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Theatre leaders ‘reluctant to diversify due to fear they’ll be replaced’

Jan Sharkey-Dodds receiving a Jack Petchey Foundation award with some of the young people she has worked with at Theatre Royal Stratford East
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Theatres are reluctant to diversify their workforces because staff fear they may lose their jobs to minority talent, Theatre Royal Stratford East’s youth work chief has claimed.

Jan Sharkey-Dodds, the venue’s strategic consultant for work with young people, made the suggestion as part of a passionate plea for better ethnic diversity in theatres at a London conference on cultural education.

She claimed the work theatres do to reach out to minority communities has not been impacting the make-up of the UK theatre workforce, particularly at executive level.

In a fiery speech at the Ensuring Cultural Education in England conference, Sharkey-Dodds said she often attended “high-end meetings” along with the people who have the power to “change the British theatre landscape” – and had noted a total lack of diversity.

“I’m sitting there, [looking around and] thinking… white, white, white,” she said.

“It’s not feeding through,” she told the audience, which consisted largely of representatives from arts organisations. “The beautiful work that you are doing in those schools is not feeding through.”

She added that the representation of black, Asian and ethnic minorities should extend further than the stage, and claimed: “Just putting a black play on ain’t doing it. You’ve got to have people in positions of power.”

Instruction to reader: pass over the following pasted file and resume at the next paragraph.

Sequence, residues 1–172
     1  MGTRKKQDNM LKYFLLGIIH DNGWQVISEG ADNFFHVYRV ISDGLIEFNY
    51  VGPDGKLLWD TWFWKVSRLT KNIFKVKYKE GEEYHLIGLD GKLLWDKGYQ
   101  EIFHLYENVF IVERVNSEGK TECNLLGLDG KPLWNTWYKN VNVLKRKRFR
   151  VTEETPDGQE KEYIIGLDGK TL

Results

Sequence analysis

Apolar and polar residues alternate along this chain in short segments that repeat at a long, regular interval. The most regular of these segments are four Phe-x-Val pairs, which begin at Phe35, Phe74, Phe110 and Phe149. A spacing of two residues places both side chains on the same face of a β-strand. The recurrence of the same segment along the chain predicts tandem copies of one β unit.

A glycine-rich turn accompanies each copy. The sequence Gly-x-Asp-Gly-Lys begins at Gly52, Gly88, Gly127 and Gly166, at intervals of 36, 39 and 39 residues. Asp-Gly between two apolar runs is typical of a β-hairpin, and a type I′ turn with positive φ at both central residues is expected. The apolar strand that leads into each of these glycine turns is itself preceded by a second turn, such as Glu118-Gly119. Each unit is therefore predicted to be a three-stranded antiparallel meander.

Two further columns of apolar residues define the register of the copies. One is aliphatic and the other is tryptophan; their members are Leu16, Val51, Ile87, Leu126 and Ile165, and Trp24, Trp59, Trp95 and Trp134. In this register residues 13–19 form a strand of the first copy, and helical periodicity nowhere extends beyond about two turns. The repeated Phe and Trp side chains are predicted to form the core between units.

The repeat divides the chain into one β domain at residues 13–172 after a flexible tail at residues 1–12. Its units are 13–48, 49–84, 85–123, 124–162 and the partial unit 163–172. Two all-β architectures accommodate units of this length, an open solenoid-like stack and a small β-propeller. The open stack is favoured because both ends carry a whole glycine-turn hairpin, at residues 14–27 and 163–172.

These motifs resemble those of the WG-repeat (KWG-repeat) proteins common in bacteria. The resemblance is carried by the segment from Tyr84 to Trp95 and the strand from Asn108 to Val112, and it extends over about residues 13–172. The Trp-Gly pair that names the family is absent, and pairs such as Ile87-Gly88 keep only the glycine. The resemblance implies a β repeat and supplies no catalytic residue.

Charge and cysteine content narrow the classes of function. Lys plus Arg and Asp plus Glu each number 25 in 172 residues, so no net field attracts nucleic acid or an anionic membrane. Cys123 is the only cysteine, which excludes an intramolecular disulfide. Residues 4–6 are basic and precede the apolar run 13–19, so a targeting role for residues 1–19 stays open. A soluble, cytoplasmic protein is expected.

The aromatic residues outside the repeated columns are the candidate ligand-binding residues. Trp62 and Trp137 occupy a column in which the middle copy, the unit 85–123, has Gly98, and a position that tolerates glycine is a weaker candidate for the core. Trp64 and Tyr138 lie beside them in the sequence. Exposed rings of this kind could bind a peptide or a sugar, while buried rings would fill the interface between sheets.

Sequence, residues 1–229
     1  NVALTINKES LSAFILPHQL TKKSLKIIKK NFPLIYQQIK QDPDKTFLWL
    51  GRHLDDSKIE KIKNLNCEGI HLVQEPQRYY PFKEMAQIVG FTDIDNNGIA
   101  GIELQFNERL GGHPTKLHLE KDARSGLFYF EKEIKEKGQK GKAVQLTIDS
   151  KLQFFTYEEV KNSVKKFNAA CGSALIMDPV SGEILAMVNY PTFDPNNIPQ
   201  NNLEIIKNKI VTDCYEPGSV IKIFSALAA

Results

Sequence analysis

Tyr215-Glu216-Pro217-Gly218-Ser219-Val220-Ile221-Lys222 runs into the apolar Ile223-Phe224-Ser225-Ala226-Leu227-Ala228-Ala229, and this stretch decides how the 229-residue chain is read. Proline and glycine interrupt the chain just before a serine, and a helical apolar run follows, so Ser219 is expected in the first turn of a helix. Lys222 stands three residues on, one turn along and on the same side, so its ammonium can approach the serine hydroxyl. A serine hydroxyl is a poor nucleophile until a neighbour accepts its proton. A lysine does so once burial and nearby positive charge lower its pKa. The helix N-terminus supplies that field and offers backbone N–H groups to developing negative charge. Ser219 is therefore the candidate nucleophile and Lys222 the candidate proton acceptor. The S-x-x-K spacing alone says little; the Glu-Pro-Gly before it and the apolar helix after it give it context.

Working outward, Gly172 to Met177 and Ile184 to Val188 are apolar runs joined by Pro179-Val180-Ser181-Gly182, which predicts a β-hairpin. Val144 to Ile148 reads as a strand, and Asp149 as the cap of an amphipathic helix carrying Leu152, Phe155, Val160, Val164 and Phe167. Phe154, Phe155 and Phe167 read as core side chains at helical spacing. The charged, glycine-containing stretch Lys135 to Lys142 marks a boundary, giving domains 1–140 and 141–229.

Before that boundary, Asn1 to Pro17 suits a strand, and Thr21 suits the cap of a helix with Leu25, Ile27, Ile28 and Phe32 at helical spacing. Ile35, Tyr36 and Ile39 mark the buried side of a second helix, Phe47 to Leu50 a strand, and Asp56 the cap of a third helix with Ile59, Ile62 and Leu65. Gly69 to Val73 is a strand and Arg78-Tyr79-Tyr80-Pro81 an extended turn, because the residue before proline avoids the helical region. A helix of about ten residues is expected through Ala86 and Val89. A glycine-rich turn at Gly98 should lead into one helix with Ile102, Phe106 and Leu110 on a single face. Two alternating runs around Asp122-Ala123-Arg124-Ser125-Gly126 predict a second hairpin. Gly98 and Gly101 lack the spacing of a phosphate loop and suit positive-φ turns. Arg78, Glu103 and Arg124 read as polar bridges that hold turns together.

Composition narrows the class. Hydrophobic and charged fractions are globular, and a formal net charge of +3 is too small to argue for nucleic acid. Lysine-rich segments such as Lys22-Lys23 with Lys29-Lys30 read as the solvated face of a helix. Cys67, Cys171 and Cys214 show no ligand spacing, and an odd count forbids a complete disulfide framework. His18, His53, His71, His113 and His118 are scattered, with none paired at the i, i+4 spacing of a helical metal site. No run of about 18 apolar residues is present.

Sharkey-Dodds, who has worked at TRSE for just over 11 years, went on: “It’s not easy. There are reasons why people don’t invest in that [talent] pipeline. One: because its really, really hard, and two: what happens if you’re really, really successful? You might lose your job.”

She continued: “Someone with a different kind of spirit, a different kind of experience, might actually come and sit in your place. That’s success, though. Success for me means that in two or three years’ time I’m gone, and one of my beautiful young people are sitting in my chair – having the power to make decisions and shape and influence the British theatre landscape.”

Reflecting on her work at Stratford East, she conceded that only a “tiny percentage” of the young people she works with every year went on to work in theatre.

Theatres needed to continue to reach out and building continuing relationships with young people, she said, before adding: “If we don’t shake it up we’re going to have quite a tedious, dreary artistic landscape.”

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